Com-Pac Sun Cat sailing with Tom & Sonja bringing along Libby the Junkyard Dog and Luke the Cowdog
After a cold winter during which we had few opportunities to sail our Com-Pac Sun Cat, the Wily Conch, Sonja and I decided this was the week to do it, and I looked at the weather forecasts to pick a day. Friday looked great, with 10-15 knot winds and no chance of rain. Hard to beat, and sailing on a weekday means less of a crowd on the water. After confirming that our 5 hp Tohatsu 4-stroke was in the mood to run on Thursday, I dragged the boat out from under its cover Friday morning and found it to be completely coated with yellowish green pollen. A quick hose-down got it clean enough for my tastes, and I loaded aboard things like the teak cockpit grate, cockpit cushions, safety gear, etc., that does not live on the boat during storage.
After a delay of many months since the last time we sailed this boat, I found myself wandering around my shed trying to figure out what I bring along to go out on the Sun Cat. I should probably make a real checklist, but instead imagined I was being stopped by a policeman on the water. That has happened enough times that I know what they will ask to see, so I made sure I had those things.
Next, I imagined that I was simply stopped out on the water, with no policeman or any other kind of help about. OK, so in addition to safety gear, I'm going to want some spare drinking water and tools.
One of the best parts of sailing the Com-Pac Sun Cat: almost instant rigging and de-rigging. Just swing the mast up and snap the forestay tight, and you're ready to sail!
Our initial plan was to launch here at our place on Shell Creek, but I was concerned that there was not quite enough water to launch the boat, and more concerned that the tide would not be high enough when we returned, and we would be unable to recover it at our boat ramp. Rather than fight the shallow waters, we towed the boat over to Laishley Park in Punta Gorda, which has a nice boat ramp and is much closer to good sailing water than our ramp.
I prefer to launch here because it's a private ramp, no waiting for the wave of Flatsmasters Redfish Tournament guys, and no one minds if we have dogs at the boat ramp here, but there is definitely something to be said for launching directly into the harbor instead of having to motor down the creek and go under two low bridges, then motor some more to reach parts of the Peace River and upper Charlotte Harbor that are wide and deep enough for sailing.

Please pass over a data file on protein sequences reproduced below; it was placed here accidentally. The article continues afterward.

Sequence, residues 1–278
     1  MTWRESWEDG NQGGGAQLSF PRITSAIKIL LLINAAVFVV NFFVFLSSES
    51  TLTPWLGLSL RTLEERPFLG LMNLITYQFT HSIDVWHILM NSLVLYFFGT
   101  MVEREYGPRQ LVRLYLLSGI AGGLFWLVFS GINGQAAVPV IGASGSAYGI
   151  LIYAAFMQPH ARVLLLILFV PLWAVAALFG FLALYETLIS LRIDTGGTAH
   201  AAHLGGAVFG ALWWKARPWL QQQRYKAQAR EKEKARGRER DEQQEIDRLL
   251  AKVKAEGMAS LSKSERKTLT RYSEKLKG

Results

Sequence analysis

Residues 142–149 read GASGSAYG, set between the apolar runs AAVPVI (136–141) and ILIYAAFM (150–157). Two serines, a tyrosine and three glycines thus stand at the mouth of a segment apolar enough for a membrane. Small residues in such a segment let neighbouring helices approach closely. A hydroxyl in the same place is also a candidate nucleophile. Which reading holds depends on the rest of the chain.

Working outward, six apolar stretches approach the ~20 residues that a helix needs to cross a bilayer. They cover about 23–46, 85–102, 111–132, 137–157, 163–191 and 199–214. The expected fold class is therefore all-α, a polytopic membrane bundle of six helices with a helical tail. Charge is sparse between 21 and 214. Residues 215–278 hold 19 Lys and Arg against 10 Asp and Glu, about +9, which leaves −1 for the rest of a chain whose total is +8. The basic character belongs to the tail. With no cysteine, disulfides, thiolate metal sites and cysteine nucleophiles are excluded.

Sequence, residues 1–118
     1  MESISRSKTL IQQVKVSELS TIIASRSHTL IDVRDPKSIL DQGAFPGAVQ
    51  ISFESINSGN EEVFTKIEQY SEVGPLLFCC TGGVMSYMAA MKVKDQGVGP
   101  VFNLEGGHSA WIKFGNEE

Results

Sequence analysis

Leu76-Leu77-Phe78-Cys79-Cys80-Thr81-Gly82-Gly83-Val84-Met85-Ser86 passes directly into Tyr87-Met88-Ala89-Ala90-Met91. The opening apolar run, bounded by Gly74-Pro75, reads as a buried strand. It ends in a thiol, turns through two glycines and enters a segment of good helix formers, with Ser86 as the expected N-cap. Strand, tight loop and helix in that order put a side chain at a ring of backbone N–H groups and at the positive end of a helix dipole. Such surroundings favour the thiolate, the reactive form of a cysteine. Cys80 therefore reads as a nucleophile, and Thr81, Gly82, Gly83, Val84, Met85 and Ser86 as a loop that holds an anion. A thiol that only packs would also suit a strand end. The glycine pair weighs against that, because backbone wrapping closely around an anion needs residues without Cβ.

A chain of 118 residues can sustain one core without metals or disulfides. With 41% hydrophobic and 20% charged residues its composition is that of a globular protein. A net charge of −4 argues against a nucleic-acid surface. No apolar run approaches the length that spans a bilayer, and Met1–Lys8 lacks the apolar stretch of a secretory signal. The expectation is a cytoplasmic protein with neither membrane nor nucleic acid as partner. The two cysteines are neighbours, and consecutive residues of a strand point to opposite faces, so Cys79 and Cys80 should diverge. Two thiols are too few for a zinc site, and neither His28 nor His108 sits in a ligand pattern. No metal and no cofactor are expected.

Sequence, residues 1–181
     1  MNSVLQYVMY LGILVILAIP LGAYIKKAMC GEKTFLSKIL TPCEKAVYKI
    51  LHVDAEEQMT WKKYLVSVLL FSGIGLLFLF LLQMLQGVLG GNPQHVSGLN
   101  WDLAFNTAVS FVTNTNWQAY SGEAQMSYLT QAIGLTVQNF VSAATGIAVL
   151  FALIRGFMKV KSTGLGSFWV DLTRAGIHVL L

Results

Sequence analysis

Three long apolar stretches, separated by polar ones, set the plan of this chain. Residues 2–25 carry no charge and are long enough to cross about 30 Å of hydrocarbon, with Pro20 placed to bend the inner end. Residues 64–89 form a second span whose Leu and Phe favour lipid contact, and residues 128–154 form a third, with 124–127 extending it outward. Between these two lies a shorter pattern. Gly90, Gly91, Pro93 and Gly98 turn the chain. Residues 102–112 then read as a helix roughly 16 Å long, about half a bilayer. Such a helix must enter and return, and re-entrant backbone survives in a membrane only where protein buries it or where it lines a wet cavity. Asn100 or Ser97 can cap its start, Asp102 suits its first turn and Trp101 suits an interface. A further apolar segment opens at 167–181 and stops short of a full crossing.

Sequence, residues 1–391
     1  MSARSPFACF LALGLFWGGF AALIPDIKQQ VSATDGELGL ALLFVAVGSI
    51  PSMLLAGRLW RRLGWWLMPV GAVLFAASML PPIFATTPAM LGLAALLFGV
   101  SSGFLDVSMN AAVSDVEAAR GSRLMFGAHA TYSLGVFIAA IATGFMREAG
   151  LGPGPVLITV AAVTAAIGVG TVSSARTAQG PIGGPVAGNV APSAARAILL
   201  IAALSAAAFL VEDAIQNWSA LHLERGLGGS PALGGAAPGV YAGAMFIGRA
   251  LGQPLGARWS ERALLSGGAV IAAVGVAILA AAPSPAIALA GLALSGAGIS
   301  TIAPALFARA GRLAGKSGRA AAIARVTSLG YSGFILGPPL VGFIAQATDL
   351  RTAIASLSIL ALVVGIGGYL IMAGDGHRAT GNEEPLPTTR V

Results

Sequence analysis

Sun Cat loaded up with Tom and two puppies and ready to go out sailing from the Laishley Park boat ramp dock.
After waiting our turn to launch behind a Jet Ski and an aluminum fishing skiff, we slid the Wily Conch into the water and loaded up pups and passengers for our daysail. At 80 pounds Libby the Junkyard Dog is a bit big for small sailboats, but she really loves to come sailing with us. Luke the cowdog is still only about 45 lbs, and fits in the cockpit a bit better.
Libby shows how much she appreciates being invited along with a big, wet, puppy kiss, which is the only kind she knows.
The puppies are always excited to go out in the boats, and sometimes express their excitement by jumping overboard in pursuit of hapless pelicans and sea gulls. Here they are watching some pelicans on the water, and Luke decides to experiment with taking his first step outside the cockpit, for which he got scolded.
We bought the harnesses they are wearing so that I would have a way to get them back aboard if either one should go swimming, but I was hoping to avoid testing that technique. It is one thing to drag an 80 lb dog into a kayak like our Hobie Adventure Islands, but the Sun Cat has quite a bit more freeboard. We made it through the day without either dog abandoning ship.
After a while, the relaxing pace of Sun Cat sailing sinks in with the dogs and they settle down to enjoy the ride.
I settled in to relax and just let the boat sail itself across the harbor, which it will do with minimal input if properly trimmed. Good time for a snack, so out came the box of Ritz Bits peanut butter crackers! My relaxation was briefly interrupted when another sailboat came within range.
As any sailor will tell you, two sailboats within sight of one another are racing! I decided to tack and pursue this Hunter 290, and was catching him for a short time before he noticed and adjusted course and sails to get away. We could hear them laughing at us, and I have to admit that trying to catch a 29 foot sloop with a 17 foot catboat is pretty funny!
Video of me sailing our Sun Cat back when it belonged to the original owner:
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